The true origins of Riesling remain a mystery. Some believe it is a varietal mentioned long ago by the Roman writer Plinius, others feel King Louis the German (843–876) was the first to have had the grape planted in the Rhine Valley. Other experts suspect that Riesling is a mutation of a wild vine of Germanic origin.
In a viticultural dictionary from 1930, Riesling is briefly defined as “Origin: Germany. Probably a seedling from the Rheingau” Trendsetter for the advance of Riesling in the Rheingau was the wine estate at Johannisberg. In 1720, some 294,000 Riesling vines were planted in the vineyards of the old Benedictine abbey. This was such a novelty that cellarmaster Odo Staab made note of it: “In the entire Rheingau, only the grape variety ‘Rüssling’ can be planted for the production of wine”.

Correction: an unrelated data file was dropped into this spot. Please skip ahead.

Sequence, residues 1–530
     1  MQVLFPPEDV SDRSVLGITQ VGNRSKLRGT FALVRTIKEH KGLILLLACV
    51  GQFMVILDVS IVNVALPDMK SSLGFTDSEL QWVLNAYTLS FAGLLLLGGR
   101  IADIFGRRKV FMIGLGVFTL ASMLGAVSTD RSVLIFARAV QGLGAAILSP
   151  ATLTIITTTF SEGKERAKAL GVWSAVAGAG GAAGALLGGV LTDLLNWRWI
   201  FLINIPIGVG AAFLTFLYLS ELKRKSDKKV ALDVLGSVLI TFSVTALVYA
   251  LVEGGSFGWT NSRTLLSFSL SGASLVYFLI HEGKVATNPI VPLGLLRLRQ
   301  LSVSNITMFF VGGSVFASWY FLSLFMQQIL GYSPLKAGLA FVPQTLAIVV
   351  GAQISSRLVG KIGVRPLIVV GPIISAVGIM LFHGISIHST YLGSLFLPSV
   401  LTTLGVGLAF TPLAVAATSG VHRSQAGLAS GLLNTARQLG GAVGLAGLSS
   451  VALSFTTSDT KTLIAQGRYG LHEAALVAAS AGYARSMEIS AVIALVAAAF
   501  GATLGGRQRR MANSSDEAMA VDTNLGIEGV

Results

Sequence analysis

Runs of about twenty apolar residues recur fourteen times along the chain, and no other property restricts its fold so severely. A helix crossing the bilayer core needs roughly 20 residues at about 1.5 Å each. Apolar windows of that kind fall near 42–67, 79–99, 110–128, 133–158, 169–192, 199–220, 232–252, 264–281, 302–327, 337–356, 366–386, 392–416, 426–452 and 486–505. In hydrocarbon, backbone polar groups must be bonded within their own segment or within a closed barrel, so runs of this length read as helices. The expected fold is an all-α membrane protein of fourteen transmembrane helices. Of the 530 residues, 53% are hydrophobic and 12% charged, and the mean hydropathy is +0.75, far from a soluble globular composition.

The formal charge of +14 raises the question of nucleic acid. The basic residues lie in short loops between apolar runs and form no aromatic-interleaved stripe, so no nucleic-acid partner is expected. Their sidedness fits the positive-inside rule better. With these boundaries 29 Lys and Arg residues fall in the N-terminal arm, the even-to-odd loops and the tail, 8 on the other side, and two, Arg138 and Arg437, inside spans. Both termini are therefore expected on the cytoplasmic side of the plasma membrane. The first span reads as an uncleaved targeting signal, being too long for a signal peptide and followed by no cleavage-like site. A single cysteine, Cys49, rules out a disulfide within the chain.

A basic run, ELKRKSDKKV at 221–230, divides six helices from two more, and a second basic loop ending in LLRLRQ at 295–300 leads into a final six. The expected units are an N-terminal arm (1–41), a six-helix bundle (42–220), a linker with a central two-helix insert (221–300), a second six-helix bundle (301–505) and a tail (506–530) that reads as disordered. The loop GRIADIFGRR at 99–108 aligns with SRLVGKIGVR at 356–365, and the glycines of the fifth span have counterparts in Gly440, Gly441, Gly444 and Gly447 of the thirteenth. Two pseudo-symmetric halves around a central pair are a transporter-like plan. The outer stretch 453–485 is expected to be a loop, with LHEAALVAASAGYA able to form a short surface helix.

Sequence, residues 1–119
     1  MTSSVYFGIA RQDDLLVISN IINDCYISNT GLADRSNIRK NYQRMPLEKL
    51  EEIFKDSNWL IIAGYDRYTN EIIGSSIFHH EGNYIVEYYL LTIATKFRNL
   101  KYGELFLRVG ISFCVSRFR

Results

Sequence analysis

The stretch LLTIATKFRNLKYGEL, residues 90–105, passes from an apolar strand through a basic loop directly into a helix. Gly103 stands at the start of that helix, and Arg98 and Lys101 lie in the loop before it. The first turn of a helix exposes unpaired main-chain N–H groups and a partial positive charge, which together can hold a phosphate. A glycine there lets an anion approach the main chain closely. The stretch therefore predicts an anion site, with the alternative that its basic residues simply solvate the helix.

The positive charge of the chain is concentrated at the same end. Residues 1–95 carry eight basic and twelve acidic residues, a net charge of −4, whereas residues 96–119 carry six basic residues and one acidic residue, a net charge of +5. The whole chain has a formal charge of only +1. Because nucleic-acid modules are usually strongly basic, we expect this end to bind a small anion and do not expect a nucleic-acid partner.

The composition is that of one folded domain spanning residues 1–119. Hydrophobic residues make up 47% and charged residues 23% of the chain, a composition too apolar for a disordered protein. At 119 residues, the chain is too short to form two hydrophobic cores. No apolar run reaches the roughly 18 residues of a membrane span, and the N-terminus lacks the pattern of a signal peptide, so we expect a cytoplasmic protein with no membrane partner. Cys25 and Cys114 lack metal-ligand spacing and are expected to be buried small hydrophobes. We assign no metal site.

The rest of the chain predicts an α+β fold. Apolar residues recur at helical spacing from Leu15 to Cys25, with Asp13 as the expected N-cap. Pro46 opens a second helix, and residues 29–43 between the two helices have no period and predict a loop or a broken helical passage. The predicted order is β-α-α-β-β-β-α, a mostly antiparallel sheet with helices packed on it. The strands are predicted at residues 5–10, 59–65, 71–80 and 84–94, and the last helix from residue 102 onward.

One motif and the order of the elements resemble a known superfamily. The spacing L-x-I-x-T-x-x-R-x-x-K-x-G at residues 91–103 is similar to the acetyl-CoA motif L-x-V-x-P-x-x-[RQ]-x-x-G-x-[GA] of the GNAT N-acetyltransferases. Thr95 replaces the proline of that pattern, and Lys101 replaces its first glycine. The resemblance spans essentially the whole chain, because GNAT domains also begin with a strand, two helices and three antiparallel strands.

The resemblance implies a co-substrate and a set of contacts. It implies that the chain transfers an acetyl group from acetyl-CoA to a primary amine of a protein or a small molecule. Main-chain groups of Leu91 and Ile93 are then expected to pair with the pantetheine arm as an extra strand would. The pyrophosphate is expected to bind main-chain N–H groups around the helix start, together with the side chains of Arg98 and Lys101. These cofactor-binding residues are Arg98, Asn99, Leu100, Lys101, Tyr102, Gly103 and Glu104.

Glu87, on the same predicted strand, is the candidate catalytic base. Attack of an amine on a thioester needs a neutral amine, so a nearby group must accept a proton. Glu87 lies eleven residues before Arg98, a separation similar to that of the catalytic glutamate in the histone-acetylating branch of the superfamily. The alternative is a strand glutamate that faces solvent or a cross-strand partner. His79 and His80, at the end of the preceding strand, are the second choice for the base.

In 1775, the benefits of a “Spätlese” (late harvest) were first recognized at the Johannisberg monastery. The year marked the beginning of a deliberately scheduled late harvest of botrytized grapes that yield the lusciously sweet Rieslings that led to the grape’s fame and image throughout Europe. They graced the tables of every royal house, from kings to emperors to czars. Together with the great white and red Pinots of Burgundy and red wines of Bordeaux, Riesling was part of the quartet of the most famous and most expensive wines at the start of the 20th century. To this day, in many wine-growing regions of the New World, the name “Johannis-berger” is synonymous with Riesling.
Colour : Pale lemon
Aroma : Lemon, lime, minerals, honey
Taste : Bone dry, sharp lemon, minerals, honey
Alcohol : 12.5%
Price : 13,50 Euro (Eurotrade Flughafen Muenchen Duty Free 2011-05-20)
Website : Schloss Johannisberg